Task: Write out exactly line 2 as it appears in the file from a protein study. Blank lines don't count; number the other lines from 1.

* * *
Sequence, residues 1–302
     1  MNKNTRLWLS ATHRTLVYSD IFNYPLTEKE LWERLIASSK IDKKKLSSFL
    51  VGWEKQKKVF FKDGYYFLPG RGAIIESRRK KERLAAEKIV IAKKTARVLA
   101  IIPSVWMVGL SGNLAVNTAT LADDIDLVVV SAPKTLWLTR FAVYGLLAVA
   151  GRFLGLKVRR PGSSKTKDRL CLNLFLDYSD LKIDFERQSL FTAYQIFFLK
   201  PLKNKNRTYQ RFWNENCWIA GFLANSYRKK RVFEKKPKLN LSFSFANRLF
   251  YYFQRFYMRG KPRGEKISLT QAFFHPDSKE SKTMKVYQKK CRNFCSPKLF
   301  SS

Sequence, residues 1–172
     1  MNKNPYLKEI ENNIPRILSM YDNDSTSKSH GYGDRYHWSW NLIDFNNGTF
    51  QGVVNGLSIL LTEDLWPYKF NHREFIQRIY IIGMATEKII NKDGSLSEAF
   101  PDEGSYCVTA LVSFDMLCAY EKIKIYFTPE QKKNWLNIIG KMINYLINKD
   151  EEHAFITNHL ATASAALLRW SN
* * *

     1  MNKNTRLWLS ATHRTLVYSD IFNYPLTEKE LWERLIASSK IDKKKLSSFL